seanc Posted February 24 Author Share Posted February 24 22 hours ago, Steve Schulteis said: I used to hold this view as well, but while Phillips solves the problem of keeping the driver aligned with the screw head, it was designed to cam out as a means of limiting torque, marring the head in the process. I now prefer star or hex drive, the latter having an advantage for concertinas in that it's easy to tuck an Allen wrench securely in the corner of a concertina case, and it's more likely that someone else has the correct wrench handy in the event that it gets lost. I've spent some time considering alternative action systems, and even done some prototyping. At this point I'm satisfied that the standard system is pretty hard to beat. Not that it's perfect, but it's got a good balance in its compromises. It's still fun to experiment though, and I'd be curious to see a drawing of your design to see if I'm picturing it correctly. A bit off topic here, so maybe PM me or start a new thread. Is spring lifetime an issue? Torsion springs are capable of surviving millions of cycles if designed correctly. I have had a few springs just die. Maybe it’s age, or use over time. The ones in the ( presumably orig) were brass, or bronze. Many appear to be oxidized. I soirced some stainless springs and many were not right size wise to fit. So, I started making my own with phosphor bronze. what I can say, is that there is a huge difference between the new and old springs. The new springs are substantially stiffer. In a good way. This makes the action noticeably faster. And the notes on the release a quicker to stop. And the end of the note on release is more defined. The height of the new spring buttons are also higher, and in my estimation more uniform with the other new buttons. what this means, to me, is that the new springs are faster, and taller. The old springs by contrast, feel mushy and slow. I am finding the lack of consistency to be an issue. The newer springs lend themselves to allowing for playing faster and more cleanly. Quote Link to comment Share on other sites More sharing options...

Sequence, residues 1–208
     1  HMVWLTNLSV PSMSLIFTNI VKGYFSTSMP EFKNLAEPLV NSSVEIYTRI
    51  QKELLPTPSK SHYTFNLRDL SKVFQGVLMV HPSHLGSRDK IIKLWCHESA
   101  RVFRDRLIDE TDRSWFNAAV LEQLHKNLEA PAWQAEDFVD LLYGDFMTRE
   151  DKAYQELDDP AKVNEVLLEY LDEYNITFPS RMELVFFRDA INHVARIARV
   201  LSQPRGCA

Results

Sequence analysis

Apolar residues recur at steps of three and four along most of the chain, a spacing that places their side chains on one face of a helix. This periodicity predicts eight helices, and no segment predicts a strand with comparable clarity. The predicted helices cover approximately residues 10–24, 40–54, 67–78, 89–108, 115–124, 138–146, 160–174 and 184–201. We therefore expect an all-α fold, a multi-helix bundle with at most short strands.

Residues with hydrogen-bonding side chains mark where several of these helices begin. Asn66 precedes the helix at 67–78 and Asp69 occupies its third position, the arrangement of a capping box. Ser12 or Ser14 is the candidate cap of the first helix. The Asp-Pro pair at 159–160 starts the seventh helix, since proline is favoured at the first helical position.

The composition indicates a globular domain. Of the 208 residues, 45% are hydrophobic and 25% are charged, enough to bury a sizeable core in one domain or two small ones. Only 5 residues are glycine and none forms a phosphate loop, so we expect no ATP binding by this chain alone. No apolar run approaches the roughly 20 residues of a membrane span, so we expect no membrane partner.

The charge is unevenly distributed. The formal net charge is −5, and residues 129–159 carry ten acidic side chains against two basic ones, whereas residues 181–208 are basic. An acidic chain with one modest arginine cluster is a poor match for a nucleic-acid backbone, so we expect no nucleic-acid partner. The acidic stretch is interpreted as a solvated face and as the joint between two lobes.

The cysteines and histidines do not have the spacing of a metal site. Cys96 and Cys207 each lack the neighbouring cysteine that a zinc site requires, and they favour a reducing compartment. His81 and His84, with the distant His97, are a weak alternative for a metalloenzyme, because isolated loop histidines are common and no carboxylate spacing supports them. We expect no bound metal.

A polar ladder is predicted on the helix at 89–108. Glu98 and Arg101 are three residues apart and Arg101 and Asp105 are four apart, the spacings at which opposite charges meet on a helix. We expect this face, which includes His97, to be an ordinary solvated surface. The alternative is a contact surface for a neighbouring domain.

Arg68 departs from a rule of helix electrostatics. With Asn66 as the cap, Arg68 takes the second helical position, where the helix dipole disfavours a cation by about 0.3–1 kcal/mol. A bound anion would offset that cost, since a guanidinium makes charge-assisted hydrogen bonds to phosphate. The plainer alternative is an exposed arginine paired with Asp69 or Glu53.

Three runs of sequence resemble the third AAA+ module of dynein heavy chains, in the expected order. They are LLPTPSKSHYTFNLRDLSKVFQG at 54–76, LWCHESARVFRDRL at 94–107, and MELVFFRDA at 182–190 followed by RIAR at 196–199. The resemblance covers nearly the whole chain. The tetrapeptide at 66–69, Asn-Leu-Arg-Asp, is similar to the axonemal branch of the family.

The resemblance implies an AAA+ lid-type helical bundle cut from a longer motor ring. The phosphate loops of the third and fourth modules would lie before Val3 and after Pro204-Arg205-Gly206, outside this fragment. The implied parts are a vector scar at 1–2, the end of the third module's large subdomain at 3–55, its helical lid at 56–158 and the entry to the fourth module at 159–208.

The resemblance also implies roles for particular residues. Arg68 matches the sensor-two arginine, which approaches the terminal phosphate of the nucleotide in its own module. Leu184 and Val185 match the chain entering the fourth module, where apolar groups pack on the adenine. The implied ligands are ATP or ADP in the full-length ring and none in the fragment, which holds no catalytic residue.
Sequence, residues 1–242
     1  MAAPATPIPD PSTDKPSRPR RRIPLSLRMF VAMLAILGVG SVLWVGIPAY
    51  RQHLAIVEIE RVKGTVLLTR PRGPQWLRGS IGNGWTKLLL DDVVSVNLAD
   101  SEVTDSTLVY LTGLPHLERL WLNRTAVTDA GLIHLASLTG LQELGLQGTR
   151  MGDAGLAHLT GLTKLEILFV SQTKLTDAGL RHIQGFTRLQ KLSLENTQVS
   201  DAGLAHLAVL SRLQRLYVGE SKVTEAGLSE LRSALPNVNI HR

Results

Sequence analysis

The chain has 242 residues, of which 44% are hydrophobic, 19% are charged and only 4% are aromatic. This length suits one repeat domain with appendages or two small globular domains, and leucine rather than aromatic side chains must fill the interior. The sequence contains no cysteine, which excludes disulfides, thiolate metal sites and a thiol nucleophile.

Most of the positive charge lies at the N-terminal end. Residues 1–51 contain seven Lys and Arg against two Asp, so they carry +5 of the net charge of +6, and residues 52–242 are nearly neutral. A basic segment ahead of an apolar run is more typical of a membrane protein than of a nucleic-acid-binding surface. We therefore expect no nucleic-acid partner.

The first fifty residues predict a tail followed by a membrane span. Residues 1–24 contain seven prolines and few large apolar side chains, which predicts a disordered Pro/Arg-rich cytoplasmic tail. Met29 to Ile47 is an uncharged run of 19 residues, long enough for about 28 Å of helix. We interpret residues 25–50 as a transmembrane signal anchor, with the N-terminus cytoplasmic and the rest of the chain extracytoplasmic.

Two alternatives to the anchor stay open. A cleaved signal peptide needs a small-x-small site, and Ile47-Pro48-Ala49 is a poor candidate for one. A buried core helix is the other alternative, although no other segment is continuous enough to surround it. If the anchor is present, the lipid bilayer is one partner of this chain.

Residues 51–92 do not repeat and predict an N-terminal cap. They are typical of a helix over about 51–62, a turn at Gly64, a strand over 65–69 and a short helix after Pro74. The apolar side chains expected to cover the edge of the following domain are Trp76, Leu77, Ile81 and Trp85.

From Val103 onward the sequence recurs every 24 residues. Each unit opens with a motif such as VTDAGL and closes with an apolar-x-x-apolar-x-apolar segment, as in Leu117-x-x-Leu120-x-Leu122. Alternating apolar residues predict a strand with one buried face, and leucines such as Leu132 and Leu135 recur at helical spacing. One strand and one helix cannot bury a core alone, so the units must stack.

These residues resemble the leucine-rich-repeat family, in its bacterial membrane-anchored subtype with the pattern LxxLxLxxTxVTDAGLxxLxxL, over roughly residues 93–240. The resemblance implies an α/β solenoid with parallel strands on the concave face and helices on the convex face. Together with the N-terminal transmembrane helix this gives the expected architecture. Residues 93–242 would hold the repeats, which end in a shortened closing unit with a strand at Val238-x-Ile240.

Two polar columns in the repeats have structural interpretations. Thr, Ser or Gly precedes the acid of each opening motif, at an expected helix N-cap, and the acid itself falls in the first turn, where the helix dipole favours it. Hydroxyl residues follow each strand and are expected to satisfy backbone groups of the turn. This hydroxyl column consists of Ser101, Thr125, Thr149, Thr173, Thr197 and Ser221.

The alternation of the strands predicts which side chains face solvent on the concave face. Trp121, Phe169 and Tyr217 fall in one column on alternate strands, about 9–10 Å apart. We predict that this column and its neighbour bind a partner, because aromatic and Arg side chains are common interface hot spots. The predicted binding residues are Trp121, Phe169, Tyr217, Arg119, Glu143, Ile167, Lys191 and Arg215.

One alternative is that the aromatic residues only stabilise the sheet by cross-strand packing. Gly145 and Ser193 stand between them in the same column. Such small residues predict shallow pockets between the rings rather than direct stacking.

Join the conversation
You can post now and register later. If you have an account, sign in now to post with your account.